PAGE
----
What is Fall Without Apples?

We all love apples and everybody has their favorite. Mine is Gala, while my husband enjoys Granny Smiths and Honeycrisps. Many people are surprised to learn that “eating” apples aren’t necessarily the best for cooking, although some apples can be used for both. Below is a list of the most common apples and their best uses in recipes. If you don’t see your favorite apple listed, it’s probably best enjoyed raw.

Jonagold – a lovely red hue with hints of yellow, this species is a hybrid of the Jonathan and the Golden. Like the Golden Delicious, Jonagold is sweet and thin-skinned, but it takes from the Jonathan a smooth skin and tart flavor. It is versatile and can be used in any recipe.

Cameo – although discovered in Washington State in 1987, it’s quickly grown in popularity. Juicy, crisp, and sweet with just a touch of tart, the Cameo is thought to come from both the Red and the Yellow Delicious. Try substituting Cameos for Goldens in recipes.

Empire – a cross between McIntosh and Red Delicious, the Empire was developed by researchers at the New York State Agricultural Experiment Station in 1966. It is generally round, with a skin that’s bright red with hints of green. The interior is crisp and creamy white. The Empire is firm, so it makes for a good cooking.

McIntosh – this apple is the least firm of all the ones listed here. The soft flesh can be described as “creamy” or “mealy,” which makes this variety a good candidate for eating raw or for applesauce or apple butter, but not necessarily for baking. If you bake with McIntoshes, be sure to use a thickener to keep the apples from becoming too mushy.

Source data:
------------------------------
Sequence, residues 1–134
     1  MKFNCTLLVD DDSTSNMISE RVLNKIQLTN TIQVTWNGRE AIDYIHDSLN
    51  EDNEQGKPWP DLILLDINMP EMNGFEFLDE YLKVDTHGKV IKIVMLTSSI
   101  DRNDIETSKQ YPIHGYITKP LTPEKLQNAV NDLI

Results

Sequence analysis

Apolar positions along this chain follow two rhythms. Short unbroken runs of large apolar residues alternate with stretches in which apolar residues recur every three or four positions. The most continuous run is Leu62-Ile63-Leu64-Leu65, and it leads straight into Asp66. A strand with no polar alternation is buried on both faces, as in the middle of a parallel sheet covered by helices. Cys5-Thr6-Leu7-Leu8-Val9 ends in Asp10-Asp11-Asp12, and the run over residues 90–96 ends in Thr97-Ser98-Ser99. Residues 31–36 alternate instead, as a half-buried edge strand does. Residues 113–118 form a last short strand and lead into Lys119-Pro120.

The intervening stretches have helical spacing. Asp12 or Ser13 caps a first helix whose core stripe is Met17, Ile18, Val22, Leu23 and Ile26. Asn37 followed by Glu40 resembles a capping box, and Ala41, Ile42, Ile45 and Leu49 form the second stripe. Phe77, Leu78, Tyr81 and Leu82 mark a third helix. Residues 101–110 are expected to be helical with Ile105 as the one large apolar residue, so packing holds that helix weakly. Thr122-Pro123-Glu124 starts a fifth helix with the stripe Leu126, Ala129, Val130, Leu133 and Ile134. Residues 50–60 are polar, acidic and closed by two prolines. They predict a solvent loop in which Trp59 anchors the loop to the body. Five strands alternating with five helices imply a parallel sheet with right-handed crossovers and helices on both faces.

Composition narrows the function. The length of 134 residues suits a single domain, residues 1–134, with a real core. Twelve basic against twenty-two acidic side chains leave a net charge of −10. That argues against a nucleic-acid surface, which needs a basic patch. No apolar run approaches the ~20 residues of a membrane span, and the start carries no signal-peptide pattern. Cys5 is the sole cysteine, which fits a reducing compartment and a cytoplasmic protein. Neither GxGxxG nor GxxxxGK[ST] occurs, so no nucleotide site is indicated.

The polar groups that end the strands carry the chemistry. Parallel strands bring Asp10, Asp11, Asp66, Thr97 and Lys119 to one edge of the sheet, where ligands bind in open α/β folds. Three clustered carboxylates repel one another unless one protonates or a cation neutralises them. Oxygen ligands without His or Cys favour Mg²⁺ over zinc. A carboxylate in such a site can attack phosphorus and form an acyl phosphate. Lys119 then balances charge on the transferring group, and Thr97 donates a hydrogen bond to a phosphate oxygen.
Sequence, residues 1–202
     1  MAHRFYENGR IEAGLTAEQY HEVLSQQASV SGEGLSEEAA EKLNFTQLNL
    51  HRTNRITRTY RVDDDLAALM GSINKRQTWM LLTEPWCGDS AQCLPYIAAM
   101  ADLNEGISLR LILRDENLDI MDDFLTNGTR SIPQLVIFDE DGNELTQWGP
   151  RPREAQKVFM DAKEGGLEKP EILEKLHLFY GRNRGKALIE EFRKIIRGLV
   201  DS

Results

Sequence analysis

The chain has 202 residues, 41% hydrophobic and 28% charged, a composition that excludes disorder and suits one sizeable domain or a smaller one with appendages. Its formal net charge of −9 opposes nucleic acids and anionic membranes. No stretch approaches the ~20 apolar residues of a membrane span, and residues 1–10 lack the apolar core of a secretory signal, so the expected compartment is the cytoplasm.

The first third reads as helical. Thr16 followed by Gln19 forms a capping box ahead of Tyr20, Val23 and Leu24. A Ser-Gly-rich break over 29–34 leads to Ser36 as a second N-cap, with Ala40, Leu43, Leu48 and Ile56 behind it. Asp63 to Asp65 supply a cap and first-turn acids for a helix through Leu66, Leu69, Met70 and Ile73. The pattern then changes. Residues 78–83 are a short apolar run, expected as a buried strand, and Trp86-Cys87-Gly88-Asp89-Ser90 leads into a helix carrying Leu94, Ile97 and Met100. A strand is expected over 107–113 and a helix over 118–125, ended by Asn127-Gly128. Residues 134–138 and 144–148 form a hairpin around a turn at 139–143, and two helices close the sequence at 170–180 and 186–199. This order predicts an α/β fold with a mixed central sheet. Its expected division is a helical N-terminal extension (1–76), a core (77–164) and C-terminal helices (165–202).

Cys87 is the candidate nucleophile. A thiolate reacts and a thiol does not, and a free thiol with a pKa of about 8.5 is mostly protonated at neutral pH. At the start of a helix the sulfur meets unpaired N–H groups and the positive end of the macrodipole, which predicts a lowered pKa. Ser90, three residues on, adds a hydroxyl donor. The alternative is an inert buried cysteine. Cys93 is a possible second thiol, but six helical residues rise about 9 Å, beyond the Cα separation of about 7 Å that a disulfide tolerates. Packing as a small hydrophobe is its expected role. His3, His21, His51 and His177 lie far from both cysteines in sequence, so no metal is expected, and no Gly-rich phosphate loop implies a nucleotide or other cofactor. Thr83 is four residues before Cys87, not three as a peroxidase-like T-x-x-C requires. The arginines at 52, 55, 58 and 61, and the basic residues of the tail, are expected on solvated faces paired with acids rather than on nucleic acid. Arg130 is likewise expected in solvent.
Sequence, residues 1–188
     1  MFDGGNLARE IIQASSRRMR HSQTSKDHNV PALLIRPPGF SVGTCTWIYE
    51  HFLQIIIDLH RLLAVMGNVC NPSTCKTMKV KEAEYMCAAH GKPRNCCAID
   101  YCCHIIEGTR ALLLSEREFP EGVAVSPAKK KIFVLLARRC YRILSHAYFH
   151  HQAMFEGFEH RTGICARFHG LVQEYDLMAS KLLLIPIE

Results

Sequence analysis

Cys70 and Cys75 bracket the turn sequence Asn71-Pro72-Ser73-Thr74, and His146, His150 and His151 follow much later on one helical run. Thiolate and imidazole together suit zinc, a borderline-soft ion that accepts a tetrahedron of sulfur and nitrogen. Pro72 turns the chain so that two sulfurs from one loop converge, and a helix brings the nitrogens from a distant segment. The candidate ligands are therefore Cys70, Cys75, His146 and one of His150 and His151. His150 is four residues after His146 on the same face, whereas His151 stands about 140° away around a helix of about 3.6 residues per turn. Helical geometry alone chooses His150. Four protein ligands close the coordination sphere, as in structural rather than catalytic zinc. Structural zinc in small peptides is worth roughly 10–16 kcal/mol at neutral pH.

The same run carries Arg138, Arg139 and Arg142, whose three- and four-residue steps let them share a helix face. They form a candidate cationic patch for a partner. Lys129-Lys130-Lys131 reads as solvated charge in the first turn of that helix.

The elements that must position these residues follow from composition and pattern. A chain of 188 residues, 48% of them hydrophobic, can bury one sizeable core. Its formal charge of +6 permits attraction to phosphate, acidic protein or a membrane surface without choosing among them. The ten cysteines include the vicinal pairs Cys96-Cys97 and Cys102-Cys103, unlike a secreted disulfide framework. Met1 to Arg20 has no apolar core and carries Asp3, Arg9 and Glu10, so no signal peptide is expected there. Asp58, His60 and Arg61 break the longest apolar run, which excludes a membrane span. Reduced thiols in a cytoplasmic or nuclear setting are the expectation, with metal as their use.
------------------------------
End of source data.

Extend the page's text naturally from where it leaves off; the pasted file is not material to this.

Golden Delicious – this all-purpose apple may share part of its name with the Red Delicious, but the two are not related. They’re soft apples, though not as soft to the touch as McIntosh or Cortland. Thin-skinned, the Golden Delicious doesn’t store well (it can bruise and shrivel), so try to use it as soon as possible. This apple is ideal for pies, salads, sauces, and freezing.

Fuji – created by Japanese growers in the 1930s, the Fuji apple’s popularity grew during the 1980s and it has quickly become one of the most popular in the country. It’s a large crisp apple—a relative of the Red Delicious—with an intense sweetness that makes it an ideal candidate for eating raw. Try adding Fujis to salads and slaws that require very little to no cooking to keep their consistency.

Cortland – it’s easy to mistake this apple with the McIntosh. Both are on the squat side, with creamy white interiors and sweet-and-tart flavors. The Cortland is a relatively soft apple, although not quite as soft as the McIntosh. And unlike the McIntosh, the Cortland is an all-purpose apple, which means you can bake it, cook it, or eat it raw.

Gala – taller than it is wide, the gala’s shape is similar to that of the Golden and Red Delicious apples. It has a pleasantly mild, sweet taste and a crisp texture. It’s also a relatively small apple. Like Fujis, Galas are easy to eat uncooked thanks to their thin skin and overall sweetness, making them an ideal fruit for kids. They’re also good for cooking.